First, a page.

The search for predictions of species diversity across environmental gradients has challenged ecologists for decades. The humped-back model (HBM) suggests that plant diversity peaks at intermediate productivity; at low productivity few species can tolerate the environmental stresses, and at high productivity a few highly competitive species dominate. Over time the HBM has become increasingly controversial, and recent studies claim to have refuted it. Here, by using data from coordinated surveys conducted throughout grasslands worldwide and...

Datasets relating (i) A wetland fish multimetric index to variation in agricultural stress among Laurentian Great Lakes coastal wetlands, (ii) Cyanobacteria biomass to total phosphorus concentrations among Canadian lakes

Jabed Tomal & Jan Ciborowski
We present two datasets of biological responses against environmental stresses. In the first dataset, the biological response and environmental stress variables are fish multimetric index of community health and agricultural stress, respectively, in watersheds draining to Laurentian Great Lakes. In the second dataset, the biological response and environmental stress variables are cyanobacterial biomass and total phosphorus, respectively, in Canadian Lakes.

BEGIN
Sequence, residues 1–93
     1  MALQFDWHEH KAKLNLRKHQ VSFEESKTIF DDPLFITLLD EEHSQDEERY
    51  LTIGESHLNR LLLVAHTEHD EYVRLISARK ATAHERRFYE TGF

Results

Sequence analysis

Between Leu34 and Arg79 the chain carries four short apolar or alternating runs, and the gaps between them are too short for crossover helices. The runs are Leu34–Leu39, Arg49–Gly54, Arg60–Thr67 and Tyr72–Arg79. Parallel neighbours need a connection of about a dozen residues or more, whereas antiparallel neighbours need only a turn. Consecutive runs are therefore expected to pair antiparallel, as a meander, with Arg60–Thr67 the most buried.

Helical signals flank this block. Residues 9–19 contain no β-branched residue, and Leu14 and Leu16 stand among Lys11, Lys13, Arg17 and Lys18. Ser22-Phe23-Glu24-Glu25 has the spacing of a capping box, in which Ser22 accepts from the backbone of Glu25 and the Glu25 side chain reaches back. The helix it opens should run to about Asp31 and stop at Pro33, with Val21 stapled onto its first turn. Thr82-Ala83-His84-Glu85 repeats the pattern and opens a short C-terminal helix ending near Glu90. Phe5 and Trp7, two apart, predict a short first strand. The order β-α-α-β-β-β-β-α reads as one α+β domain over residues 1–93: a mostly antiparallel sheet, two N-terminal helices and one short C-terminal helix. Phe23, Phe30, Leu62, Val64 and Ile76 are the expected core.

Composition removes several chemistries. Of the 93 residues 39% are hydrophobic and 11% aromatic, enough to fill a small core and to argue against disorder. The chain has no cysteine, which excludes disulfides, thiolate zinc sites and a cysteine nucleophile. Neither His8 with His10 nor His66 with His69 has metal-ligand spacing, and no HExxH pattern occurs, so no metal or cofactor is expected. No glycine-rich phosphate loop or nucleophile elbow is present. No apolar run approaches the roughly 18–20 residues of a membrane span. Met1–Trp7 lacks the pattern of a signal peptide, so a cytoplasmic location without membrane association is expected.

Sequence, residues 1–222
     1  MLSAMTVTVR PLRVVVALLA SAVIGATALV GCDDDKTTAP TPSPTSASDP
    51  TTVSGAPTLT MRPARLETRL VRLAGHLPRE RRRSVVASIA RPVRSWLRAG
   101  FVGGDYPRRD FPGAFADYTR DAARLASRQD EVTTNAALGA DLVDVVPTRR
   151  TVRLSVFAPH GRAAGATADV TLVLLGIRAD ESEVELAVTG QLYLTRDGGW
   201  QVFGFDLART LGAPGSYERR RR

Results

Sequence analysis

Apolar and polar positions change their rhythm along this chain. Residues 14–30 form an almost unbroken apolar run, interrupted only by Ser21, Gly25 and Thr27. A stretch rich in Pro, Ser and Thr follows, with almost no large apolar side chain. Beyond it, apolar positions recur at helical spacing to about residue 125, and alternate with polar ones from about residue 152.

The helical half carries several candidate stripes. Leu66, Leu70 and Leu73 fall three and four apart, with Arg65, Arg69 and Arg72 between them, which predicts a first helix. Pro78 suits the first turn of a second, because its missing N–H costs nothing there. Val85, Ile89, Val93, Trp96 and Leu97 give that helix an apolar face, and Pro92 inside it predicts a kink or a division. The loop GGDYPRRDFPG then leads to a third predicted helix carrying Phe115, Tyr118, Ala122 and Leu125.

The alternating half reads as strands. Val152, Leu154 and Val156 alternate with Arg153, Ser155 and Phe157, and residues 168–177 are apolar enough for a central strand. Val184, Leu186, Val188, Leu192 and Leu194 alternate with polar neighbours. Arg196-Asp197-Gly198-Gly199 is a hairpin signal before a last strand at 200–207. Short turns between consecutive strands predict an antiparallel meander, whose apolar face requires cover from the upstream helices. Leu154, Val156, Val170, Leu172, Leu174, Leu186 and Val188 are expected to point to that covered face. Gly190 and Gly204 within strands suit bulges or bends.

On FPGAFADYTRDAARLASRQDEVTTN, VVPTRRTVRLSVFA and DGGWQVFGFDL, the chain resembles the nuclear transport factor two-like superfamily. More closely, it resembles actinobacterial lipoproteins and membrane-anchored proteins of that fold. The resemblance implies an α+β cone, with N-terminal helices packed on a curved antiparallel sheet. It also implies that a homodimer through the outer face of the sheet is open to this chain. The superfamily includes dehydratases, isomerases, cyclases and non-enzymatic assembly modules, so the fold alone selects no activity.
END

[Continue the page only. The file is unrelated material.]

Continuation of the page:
Evolution of moult-migration is directly linked to aridity of the breeding grounds in North American passerines

Claudie Pageau, Christopher Tonra, Mateen Shaikh, Nancy Flood, Matthew Reudink, Christopher M. Tonra, Nancy J. Flood & Matthew W. Reudink
To avoid energy allocation conflicts, birds generally separate breeding, migration and moult during the annual cycle. North American passerines typically moult on the breeding grounds prior to autumn migration. However, some have evolved a moult-migration strategy in which they delay moult until stopping over during autumn migration. Rohwer et al . (2005) proposed the ‘push–pull hypothesis' as an explanation for the evolution of this moult strategy, but it has not been empirically tested. Poor conditions...

Data from: Temperate grassland songbird species accumulate incrementally along a gradient of primary productivity

William L. Harrower, Diane S. Srivastava, Roy Turkington & Lauchlan H. Fraser